Consumption of whole grain foods, including whole wheat bread, has been linked
to reduced risk of coronary heart disease, type II diabetes, certain cancers, and all cause
mortality, but consumption falls far below recommended levels. Conventional wisdom
dictates that refined bread is better liked than whole wheat bread, but support for this
contention is scarce. If refined bread is preferred to whole wheat bread, determining the
specific attributes or consumer characteristics that contribute to the disliking of whole
wheat bread would provide food processors with the knowledge needed to develop
technologies to improve the acceptability of whole wheat bread and to test acceptance of
these products with consumers. In phase one of this study, we examined consumer
preferences for refined and whole wheat breads. In phase two, we examined how two
consumer characteristics, sensitivity to 6-n-propylthiouracil (PROP) and fungiform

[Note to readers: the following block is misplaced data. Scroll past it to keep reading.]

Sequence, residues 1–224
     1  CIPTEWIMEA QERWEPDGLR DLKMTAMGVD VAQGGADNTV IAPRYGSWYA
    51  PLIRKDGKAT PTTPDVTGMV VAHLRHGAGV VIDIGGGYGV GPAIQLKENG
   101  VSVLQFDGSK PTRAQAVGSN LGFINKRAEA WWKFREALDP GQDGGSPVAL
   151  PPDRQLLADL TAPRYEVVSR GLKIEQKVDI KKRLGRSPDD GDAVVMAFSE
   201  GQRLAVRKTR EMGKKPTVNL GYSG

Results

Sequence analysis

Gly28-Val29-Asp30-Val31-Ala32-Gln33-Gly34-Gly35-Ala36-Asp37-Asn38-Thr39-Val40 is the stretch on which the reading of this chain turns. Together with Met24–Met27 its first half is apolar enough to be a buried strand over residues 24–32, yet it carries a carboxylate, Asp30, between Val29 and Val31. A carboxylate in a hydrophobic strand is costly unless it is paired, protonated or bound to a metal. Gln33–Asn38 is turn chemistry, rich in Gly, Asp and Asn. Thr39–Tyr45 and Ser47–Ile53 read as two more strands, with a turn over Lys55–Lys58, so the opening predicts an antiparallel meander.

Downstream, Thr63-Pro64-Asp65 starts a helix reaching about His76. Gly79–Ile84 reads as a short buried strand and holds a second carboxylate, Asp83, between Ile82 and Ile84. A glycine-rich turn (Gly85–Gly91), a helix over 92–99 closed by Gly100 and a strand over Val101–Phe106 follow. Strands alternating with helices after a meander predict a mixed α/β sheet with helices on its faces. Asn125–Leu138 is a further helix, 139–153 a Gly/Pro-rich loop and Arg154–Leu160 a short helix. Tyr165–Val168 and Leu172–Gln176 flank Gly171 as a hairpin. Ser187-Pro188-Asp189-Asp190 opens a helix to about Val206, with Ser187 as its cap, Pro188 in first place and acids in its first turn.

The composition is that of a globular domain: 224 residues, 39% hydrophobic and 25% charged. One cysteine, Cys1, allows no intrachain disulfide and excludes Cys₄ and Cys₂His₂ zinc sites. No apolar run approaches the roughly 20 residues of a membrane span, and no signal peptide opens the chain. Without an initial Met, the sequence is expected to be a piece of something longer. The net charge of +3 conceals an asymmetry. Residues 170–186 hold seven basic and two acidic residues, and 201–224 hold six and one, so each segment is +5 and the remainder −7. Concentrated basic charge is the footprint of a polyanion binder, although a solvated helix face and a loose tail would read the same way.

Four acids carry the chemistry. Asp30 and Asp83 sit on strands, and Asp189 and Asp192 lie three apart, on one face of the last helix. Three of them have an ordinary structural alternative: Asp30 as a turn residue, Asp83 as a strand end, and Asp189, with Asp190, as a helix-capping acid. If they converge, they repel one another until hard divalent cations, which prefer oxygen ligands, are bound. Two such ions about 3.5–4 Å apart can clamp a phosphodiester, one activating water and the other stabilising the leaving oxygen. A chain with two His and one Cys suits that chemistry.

papillae density, affected perception of bitterness and roughness, two attributes that may
contribute to whole wheat bread dislike. In phase three, we examined how three sensory
properties, bitterness, roughness, and color and three consumer characteristics, bread type
preference (whole or refined), perceived PROP intensity, and fungiform papillae density,
affect bread liking.
University of Minnesota Ph.D. dissertation January 2010. Major: Food Science. Advisor: Dr. Zata Vickers. 1 computer file (PDF); vi, 133 pages, appendices I-III. Ill. (some col.)
Bakke, Alyssa Joy.
Effects of bitterness, roughness, PROP taster status, and Fungiform papillae density on bread acceptance..
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